In the first section of the article, Ong argues that the "effective" American Catholic intellectual occupies a "frontier" position, somewhere between the Church and the rest of American society. This frontier position, Ong explains, is the same position occupied by the "most intelligent" New Testament writers, St. Paul and St. John the Evangelist, as well as people such as St. Augustine, St. Albert the Great, and St. Thomas Aquinas. Given this tradition, and the fact that the United States is one of the most pluralistic societies in the world (with plenty of opportunities for dialogue between the Church and the rest of American society), the American Catholic intellectual should be in a prime position to participate in the frontier. Yet, Ong asserts, American Catholic intellectual thought continues to "lag behind" European Catholic intellectualism.
In the second section of the article, Ong explains why this is the case. While there has been plenty of intellectual activity in the United States over the last century (Ong cites the work of Josiah Royce, William James, Charles Sanders Pierce, Chief Justice Holmes, John Dewey, and Louis D. Brandeis as especially significant), Catholic reaction to and interaction with these intellectuals has been primarily negative, focusing on how their perspectives do not match up with the perspectives of these intellectuals. This is due, Ong believes, to the "minority mentality" held by many Catholics (a topic discussed in more depth in "Literature and Cultural Initiative" and "American Catholicism and America"), and in the third section of the article, Ong asserts that Catholics often believe that they need not interact with people outside Catholicism because they are so sure of the rightness of Catholicism.
Ong adds that other factors keeping American Catholics from engaging the intellectual tradition include "intellectual isolationism" (which is fostered by the autonomous position of educational institutions in the United States from state or federal control) and the more accessible avenues to non-Catholics in the business and social world (which encourages Catholics to ignore intellectual activity, particularly intellectual activity outside Catholic circles). What the American Catholic intellectual must do, Ong argues, is contribute to an intellectual front that is both aware of the past (in order to preserve Catholic heritage) and future-oriented (looking toward the frontier, a concept integral to the American tradition).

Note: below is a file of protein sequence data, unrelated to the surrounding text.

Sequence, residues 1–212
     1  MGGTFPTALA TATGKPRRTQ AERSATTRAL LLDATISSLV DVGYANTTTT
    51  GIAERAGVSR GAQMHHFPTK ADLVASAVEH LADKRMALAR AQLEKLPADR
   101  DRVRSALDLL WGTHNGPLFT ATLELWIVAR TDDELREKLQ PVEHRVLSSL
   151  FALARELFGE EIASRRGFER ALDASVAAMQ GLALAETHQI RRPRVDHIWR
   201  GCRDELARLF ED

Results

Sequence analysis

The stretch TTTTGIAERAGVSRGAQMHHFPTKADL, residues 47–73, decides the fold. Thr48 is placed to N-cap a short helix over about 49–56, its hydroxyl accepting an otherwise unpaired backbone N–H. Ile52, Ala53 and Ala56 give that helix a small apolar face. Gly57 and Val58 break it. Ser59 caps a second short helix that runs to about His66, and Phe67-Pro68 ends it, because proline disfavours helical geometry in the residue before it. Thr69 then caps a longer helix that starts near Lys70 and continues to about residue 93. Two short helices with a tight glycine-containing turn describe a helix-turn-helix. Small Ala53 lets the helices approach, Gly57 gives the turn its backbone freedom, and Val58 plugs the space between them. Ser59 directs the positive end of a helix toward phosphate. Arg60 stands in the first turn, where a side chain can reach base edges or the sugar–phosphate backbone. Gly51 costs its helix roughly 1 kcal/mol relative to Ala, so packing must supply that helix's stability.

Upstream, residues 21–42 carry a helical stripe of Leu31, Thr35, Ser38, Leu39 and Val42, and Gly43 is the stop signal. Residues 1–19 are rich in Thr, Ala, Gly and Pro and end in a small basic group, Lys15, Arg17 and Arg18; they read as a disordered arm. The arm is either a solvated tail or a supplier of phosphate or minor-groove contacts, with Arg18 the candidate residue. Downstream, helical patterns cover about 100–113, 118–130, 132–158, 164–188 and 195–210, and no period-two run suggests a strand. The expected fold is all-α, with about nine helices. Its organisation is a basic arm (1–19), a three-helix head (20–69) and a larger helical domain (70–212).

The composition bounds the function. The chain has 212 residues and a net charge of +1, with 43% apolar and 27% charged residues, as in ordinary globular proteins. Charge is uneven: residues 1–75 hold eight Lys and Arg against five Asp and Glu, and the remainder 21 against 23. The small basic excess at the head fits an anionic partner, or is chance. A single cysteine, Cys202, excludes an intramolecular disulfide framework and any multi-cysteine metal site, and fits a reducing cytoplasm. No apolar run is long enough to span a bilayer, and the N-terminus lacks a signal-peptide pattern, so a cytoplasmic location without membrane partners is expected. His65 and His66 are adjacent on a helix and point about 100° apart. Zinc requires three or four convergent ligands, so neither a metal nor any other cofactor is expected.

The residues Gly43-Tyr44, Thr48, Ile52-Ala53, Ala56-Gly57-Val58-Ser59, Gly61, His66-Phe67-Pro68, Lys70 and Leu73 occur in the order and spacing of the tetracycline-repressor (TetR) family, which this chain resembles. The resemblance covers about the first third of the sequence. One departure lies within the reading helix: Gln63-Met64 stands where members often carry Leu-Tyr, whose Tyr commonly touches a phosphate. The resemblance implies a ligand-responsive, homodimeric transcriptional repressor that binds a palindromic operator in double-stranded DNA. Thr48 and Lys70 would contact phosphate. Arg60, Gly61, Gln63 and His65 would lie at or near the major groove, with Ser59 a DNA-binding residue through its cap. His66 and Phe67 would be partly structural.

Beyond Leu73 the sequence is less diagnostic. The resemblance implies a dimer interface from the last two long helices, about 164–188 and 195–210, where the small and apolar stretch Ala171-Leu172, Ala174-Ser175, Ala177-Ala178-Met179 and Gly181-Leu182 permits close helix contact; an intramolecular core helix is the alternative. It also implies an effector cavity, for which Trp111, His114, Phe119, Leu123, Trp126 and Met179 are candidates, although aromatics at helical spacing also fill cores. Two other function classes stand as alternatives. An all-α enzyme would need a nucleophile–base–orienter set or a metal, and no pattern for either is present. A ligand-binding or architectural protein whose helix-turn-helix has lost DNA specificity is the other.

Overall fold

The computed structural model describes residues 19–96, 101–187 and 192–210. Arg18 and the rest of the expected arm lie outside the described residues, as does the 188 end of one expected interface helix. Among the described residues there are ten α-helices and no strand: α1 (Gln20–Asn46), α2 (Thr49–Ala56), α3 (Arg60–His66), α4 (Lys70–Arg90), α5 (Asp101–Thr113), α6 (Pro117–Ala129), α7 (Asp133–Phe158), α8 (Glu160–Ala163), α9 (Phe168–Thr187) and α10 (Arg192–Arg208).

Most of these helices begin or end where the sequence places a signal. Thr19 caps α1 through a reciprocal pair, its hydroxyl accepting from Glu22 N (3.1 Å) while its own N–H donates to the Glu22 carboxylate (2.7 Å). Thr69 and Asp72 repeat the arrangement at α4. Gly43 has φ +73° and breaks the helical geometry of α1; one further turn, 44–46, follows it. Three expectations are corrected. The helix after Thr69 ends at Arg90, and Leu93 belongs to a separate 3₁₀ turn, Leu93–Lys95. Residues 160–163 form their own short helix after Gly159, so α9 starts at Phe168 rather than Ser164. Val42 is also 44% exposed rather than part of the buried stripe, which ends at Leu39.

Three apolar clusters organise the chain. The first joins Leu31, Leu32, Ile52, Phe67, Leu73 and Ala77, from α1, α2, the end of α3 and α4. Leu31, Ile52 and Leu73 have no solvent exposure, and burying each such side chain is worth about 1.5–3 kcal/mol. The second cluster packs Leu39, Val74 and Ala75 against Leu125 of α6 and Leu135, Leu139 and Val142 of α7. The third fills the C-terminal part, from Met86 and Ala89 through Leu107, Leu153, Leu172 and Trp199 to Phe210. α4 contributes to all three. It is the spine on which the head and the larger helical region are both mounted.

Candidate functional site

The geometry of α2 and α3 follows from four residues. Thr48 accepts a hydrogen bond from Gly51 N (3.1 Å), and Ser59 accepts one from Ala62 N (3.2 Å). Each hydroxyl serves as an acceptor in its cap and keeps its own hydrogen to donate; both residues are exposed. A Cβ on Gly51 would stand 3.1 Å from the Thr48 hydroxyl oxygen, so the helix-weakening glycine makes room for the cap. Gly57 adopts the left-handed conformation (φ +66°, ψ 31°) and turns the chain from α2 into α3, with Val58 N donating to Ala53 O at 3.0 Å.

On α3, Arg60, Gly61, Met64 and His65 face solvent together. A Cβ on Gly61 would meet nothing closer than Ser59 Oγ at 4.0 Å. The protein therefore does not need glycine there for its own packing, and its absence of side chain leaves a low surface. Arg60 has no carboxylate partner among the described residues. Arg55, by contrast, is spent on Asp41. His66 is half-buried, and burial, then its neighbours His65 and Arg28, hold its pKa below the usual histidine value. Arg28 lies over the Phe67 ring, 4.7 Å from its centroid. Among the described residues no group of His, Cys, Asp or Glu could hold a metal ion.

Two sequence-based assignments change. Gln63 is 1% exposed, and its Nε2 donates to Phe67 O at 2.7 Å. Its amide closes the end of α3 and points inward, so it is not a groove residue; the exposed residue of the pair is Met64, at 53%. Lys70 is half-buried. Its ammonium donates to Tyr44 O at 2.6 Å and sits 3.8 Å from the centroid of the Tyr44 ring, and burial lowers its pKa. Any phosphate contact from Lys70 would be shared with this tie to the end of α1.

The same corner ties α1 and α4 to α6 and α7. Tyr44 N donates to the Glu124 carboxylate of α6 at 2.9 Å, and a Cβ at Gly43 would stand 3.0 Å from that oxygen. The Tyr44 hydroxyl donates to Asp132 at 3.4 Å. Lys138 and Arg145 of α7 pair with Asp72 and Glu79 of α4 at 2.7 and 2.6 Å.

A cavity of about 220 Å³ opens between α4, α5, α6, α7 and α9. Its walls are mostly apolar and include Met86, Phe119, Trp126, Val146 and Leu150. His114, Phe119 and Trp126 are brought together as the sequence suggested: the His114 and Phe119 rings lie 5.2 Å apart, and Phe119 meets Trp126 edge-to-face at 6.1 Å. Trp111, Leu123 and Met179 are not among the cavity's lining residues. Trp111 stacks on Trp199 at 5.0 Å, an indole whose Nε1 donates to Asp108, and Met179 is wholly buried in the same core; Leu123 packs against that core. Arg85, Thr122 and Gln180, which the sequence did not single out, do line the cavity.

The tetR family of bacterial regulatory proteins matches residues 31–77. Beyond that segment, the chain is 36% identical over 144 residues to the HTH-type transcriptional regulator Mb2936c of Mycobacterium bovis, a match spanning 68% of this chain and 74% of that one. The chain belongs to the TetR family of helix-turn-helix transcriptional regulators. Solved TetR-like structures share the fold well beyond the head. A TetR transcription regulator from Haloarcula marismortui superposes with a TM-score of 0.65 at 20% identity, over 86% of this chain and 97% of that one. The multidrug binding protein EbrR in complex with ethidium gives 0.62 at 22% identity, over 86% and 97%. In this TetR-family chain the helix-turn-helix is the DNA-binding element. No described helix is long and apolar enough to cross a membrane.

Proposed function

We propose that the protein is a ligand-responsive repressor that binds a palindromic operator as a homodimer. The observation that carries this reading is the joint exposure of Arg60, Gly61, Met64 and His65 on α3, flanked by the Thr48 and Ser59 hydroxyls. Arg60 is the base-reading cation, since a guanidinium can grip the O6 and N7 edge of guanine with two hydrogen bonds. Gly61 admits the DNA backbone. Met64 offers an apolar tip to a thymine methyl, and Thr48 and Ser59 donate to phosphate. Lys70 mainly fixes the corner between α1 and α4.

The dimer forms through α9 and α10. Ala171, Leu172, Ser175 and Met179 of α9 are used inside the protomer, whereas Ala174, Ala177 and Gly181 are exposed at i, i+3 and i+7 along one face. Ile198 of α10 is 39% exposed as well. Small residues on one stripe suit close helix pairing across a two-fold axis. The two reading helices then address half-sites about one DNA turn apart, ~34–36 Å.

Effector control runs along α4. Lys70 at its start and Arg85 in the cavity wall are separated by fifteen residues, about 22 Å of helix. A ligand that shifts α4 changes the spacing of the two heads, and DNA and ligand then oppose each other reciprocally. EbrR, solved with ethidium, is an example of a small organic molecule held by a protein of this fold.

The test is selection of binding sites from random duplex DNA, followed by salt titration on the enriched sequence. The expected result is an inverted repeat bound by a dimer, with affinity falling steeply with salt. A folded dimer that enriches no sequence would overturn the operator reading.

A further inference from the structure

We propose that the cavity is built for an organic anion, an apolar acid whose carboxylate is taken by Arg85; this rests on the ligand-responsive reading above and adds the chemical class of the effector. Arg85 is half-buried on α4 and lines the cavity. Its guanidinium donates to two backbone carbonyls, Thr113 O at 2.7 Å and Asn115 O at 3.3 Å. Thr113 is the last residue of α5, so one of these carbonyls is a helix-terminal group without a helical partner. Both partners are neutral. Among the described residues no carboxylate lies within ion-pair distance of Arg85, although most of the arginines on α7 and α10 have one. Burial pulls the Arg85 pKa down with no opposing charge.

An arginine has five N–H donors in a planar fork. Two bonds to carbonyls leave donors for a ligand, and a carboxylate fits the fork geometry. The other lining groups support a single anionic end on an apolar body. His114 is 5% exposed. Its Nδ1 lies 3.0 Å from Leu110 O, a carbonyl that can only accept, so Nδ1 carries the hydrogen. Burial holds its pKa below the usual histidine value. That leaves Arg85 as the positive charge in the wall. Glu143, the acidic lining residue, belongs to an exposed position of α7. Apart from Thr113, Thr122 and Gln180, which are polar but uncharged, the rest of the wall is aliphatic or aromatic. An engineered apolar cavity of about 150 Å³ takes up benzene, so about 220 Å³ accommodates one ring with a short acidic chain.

In the fourth section of the article, Ong explains that American Catholics have tended in the twentieth century to idolize people who were on the frontier: people such as Chesterton, Waugh, Greene, Mrs. Clare Booth Luce, and especially M.M. Gilson and Maritain. These last two, Ong believes, appeal to American Catholics because they both have a strong sense of the past and a forward-looking vision. Furthermore, Ong explains in the fifth section of the article, both Gilson and Maritain have helped American Catholics begin to adjust to the ideas of romanticism and post-romanticism. Making this adjustment, for anyone in American culture but especially for American Catholics, is difficult because the United States is a country distinct from European countries precisely because it was established in the "Age of Reason" and holds onto its rationalist heritage. In terms of religion in America, the emphasis on rationality has resulted in a rather orthodox, scientific approach to spirituality. While American Catholics, Ong asserts even more specifically, have embraced certain American phenomena that come out of the romantic tradition (e.g., the Boy Scouts), the most significant obstacle cutting Catholics off from wider American society is their tendency to emphasize natural law, something that broader society accepts less readily because of its working-class consciousness.
In the sixth section of the article, Ong suggests that one way American Catholics can embrace romanticism and post-romanticism, engage American society more fully and participate in (and contribute to) American intellectual history is to look at the fields of anthropology, psycholgoy, and paleontology (all of which are discussing metaphysics and spirituality with an awareness of the twentieth century mindset). Ultimately, American Catholics must develop a "Christian mystique of technology and science," which involves modernizing liturgy. In addition, Ong urges American Catholics to develop a Christian mystique of other American concepts: social clubs, sports, personalism, optimism, and so on. In other words, American Catholics must face the society in which they live and figure out how to use Catholicism to innovate that society.
While much of what Ong writes in this article appears in earlier articles,
the idea of a "Christian mystique" appears here for the first time that
I am aware of. In this article, Ong also expands a discussion begun
in "American Catholicism and
America" concerning the importance of the work of Issac Hecker, whose
innovative approach to the relationship between the Church and American
culture was cut short by Leo XIII's letter, "Testem benevolentiae," to